Jenny Staletovich

Environment Reporter

Jenny Staletovich has been a journalist working in Florida for nearly 20 years.

She’s reported on some of the region’s major environment stories, including the 2018 devastating red tide and blue-green algae blooms, impacts from climate change and Everglades restoration, the nation’s largest water restoration project. She’s also written about disappearing rare forests, invasive pythons, diseased coral and a host of other critical issues around the state.

She covered the environment, climate change and hurricanes for the Miami Herald for five years and previously freelanced for the paper. She worked at the Palm Beach Post from 1989 to 2000, covering crime, government and general assignment stories.

She has won several state and national awards including the Scripps Howard National Journalism Award for Distinguished Service to the First Amendment, the Green Eyeshades and the Sunshine State Awards.

Staletovich graduated from Smith College and lives in Miami, with her husband and their three children.

Ways to Connect

Katie Lepri / WLRN

Florida joined the ranks of states battling the COVID-19 coronavirus on Sunday after Gov. Ron DeSantis announced two cases on the state’s west coast and directed his surgeon general to declare a public health emergency.

Charles Trainor Jr. / Miami Herald

Port Everglades and local elected officials marked the first step in a $437 million expansion to make way for expected massive new cargo ships with a celebratory press conference on Tuesday.

“It’s a critical milestone in getting there,” acting port director Glenn Wiltshire said afterwards of the $29 million Congress approved this month to move a Coast Guard station blocking work.

AP

Among scientists, conveying uncertainty in predictions over sea rise, increasing temperatures and other impacts linked to climate change — without suggesting doubt — remains a nagging challenge.

Andrew Bruckner / NOAA

Scientists investigating a devastating new coral disease infecting reefs from Florida to and throughout the Caribbean may be zeroing in on a culprit behind the unpredictable spread: ballast water from big ships.

Investigators are now poring over shipping records housed at the Smithsonian to confirm the connection and better contain it.

Miami Herald archives

When Hurricane Irma made landfall in the Florida Keys in 2017, it sent a four- to six-foot storm surge to Biscayne Bay more than 100 miles away, flooding busy Brickell Avenue.

The U.S. Army Corps of Engineers now has a tentative plan to fix that: massive flood gates and walls that could include a two-mile stretch in the heart of downtown Miami.


Emily Michot / Miami Herald

A scarcity of freshwater near Turkey Point has led to another legal clash between Miami-Dade County environmental regulators and Florida Power & Light.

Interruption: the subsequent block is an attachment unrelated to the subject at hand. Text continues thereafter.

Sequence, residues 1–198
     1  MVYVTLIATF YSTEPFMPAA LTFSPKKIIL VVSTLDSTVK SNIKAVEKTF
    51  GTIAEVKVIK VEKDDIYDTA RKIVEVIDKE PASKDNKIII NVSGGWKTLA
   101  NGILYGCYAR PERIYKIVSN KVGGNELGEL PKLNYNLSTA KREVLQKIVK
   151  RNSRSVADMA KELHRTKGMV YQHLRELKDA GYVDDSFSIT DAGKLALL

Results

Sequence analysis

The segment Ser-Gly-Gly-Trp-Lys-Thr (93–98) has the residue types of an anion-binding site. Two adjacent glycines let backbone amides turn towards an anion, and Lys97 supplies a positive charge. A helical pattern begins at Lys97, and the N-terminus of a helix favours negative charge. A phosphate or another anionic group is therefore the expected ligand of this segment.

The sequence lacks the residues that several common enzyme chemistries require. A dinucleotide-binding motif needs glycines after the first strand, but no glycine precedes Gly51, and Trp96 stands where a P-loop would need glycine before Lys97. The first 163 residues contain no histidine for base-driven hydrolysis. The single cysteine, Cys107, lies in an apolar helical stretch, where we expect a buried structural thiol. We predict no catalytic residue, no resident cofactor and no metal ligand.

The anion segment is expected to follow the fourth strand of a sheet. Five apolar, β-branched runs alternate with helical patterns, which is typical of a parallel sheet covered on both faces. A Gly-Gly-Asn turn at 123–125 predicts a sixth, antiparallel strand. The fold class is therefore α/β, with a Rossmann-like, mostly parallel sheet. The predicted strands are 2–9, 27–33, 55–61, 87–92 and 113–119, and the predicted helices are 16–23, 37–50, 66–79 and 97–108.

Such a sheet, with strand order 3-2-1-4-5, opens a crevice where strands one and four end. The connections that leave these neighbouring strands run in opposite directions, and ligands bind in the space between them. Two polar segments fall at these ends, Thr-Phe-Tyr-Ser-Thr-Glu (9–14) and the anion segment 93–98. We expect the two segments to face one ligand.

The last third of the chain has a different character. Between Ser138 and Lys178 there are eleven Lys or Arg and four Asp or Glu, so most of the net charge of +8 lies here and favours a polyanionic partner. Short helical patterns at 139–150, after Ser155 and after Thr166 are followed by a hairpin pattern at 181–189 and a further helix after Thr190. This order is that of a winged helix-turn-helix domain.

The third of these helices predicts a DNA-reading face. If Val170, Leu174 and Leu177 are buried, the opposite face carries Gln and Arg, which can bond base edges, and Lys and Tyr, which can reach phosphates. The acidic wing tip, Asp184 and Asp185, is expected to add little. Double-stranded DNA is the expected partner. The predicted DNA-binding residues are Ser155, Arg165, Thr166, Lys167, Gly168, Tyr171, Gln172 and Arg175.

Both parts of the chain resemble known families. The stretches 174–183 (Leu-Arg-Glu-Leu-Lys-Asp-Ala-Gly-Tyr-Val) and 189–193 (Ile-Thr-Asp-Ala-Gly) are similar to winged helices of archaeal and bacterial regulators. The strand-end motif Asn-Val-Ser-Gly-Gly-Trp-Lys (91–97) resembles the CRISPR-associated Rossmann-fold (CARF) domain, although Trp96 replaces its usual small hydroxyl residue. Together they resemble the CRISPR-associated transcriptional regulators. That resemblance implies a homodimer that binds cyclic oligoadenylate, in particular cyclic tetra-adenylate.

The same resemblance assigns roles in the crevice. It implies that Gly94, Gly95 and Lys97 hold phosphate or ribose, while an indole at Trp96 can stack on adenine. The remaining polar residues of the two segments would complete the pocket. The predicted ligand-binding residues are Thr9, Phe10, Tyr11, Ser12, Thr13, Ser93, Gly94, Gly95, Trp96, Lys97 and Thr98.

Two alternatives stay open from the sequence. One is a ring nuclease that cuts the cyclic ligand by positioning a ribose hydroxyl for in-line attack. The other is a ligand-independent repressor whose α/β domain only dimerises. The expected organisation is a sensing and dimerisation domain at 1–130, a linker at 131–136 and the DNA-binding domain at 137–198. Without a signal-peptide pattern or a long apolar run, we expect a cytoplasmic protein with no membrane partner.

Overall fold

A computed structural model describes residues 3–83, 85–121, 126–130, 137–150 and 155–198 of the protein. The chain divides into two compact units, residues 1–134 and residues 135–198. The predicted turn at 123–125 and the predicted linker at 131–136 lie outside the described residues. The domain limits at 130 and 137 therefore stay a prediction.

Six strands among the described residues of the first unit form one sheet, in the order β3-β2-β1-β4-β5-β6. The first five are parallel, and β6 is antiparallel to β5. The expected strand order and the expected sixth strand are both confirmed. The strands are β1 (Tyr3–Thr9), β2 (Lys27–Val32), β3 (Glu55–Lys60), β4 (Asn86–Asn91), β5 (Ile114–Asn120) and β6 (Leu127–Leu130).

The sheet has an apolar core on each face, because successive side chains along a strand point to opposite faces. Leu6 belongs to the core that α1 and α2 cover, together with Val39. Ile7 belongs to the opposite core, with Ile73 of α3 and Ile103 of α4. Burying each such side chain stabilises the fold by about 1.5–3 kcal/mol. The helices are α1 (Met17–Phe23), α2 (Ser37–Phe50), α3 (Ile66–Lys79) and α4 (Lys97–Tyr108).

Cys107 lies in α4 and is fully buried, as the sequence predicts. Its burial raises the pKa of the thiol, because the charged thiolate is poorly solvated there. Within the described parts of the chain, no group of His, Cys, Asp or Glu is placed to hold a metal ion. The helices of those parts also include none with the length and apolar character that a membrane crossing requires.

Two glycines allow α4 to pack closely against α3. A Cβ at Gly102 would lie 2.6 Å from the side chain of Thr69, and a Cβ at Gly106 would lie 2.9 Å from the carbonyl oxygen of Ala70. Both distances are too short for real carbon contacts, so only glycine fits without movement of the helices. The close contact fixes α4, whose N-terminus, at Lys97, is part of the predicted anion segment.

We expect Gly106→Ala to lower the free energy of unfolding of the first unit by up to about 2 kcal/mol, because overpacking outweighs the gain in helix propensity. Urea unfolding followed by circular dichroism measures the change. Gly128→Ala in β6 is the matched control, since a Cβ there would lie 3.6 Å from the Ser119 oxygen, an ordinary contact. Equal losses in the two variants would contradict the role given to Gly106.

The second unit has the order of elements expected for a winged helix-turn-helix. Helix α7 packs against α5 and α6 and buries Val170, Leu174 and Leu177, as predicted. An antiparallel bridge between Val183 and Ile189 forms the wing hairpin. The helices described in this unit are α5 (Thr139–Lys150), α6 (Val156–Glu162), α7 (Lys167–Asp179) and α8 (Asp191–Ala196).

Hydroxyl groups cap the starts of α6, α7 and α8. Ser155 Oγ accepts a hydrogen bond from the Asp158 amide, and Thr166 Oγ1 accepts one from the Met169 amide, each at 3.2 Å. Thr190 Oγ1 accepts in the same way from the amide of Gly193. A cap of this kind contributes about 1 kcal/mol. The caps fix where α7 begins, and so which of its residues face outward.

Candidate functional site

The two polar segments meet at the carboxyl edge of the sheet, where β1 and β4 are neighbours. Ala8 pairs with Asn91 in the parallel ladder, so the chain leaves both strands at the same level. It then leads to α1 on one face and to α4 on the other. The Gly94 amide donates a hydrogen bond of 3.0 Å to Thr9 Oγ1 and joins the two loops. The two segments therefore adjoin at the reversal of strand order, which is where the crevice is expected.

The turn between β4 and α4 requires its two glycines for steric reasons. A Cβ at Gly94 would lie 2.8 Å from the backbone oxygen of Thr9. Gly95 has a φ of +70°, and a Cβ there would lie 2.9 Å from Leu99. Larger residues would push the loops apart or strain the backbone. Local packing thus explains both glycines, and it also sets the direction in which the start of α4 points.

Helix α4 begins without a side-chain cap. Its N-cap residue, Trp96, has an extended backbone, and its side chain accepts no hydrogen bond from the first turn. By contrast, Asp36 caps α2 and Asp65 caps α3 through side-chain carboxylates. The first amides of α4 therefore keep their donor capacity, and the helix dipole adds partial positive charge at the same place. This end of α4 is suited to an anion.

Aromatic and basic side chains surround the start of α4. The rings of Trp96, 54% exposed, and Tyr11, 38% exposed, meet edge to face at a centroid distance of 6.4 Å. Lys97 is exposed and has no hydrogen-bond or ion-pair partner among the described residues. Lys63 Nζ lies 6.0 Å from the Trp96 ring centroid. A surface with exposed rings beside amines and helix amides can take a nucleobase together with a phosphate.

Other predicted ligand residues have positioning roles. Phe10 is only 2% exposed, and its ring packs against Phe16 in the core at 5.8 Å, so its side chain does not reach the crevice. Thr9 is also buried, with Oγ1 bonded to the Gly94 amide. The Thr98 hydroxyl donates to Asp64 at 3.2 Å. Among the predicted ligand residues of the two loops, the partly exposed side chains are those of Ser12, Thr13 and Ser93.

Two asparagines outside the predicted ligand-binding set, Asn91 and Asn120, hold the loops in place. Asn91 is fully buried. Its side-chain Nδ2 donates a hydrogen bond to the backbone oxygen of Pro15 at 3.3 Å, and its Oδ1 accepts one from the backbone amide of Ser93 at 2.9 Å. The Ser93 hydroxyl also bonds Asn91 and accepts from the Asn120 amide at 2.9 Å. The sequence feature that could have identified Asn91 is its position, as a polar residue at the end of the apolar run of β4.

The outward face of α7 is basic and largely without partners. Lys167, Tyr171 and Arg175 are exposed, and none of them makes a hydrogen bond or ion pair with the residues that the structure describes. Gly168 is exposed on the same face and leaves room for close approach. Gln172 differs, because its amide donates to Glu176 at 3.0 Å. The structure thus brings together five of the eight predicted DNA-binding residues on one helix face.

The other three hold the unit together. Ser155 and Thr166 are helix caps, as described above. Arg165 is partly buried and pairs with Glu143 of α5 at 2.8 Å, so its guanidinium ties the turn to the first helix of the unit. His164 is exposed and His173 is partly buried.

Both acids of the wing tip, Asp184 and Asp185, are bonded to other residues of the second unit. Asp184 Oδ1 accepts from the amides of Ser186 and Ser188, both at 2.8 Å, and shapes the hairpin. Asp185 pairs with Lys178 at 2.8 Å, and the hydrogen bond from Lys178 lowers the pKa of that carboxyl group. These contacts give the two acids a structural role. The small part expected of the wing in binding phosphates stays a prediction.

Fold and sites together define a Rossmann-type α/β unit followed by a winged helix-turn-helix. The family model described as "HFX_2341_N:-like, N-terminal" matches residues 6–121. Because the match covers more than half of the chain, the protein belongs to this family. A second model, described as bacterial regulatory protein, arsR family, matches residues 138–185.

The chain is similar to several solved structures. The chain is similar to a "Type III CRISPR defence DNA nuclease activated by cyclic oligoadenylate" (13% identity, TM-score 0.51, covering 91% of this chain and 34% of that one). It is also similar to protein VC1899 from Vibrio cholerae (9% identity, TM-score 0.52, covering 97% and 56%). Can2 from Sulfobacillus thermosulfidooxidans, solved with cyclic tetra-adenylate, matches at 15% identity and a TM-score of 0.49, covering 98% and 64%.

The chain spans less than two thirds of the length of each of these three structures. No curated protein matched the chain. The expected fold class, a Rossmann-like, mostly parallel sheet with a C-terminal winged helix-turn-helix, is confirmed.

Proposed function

Miami Herald archives

A fight to expand future development onto farmland around the funky Redland region ended Thursday when Miami-Dade County commissioners agreed to exclude some of the last, and largest, swaths of open land from its master growth plan.

“We’ve heard from military. We’ve heard from farmers. We’ve heard from developers,” said Commissioner Danielle Levine Cava. “Balancing all those interests obviously is extremely difficult [but] these environmental protections... have to be seriously considered.”

AP

The city of Miami officially rolled out its plan to fight sea rise and tackle threats from climate change at a rooftop ceremony overlooking Biscayne Bay Thursday.

The plan follows a yearlong effort focused on five critical areas that included flooding, increasing heat and the goal of cutting carbon emissions. That effort led to 86 specific actions, said Resiliency Chief Jane Gilbert — from increasing insurance discounts for flood-weary residents to overhauling the city’s aging stormwater system.

AP

Florida remains the shark attack capital of the world, even if the capital is getting a little less crowded.

AP

Everglades National Park will delay a planned hike in entrance fees while the park continues whittling away at a massive backlog of maintenance repairs.

Jenny Staletovich / WLRN

To end its losing battle to block oil exploration in Everglades wetlands, Florida plans to purchase 20,000 acres in Broward County.

Matias J. Ocner / Miami Herald

On a stretch of the Lower Keys, near an old borrow pit quarried during the construction of Big Pine, sea water and mud cover much of the rocky ground.

Miami Herald archives

Florida’s woeful water conditions may be driving manatees into new, more hazardous territory.

In 2019, the number of manatees killed by boats reached a new high. Of the 574 deaths recorded as of Dec. 20, 130 were caused by collisions with boats, marking the third year in a row that fatal boat strikes increased.

AP

Just after he entered the White House, President Donald Trump pulled out of the Paris Climate accord. It was only the most obvious rebuke of efforts to address climate change, that has since included ending a NASA carbon monitoring program and loosening regulations on air pollution.

WLRN archives

Miami can claim yet another climate title: hottest year on record in a three-way tie with 2015 and 2017.

Steamy high temps for the year averaged 79.1 degrees, according to Brian McNoldy, a Rosenstiel School of Marine and Atmospheric Science researcher who tracks climate-related conditions at the University of Miami’s Virginia Key campus.

"All three years are now tied for first place," McNoldy said. "We ended up about two degrees Fahrenheit above the average, which is a big offset."

Pages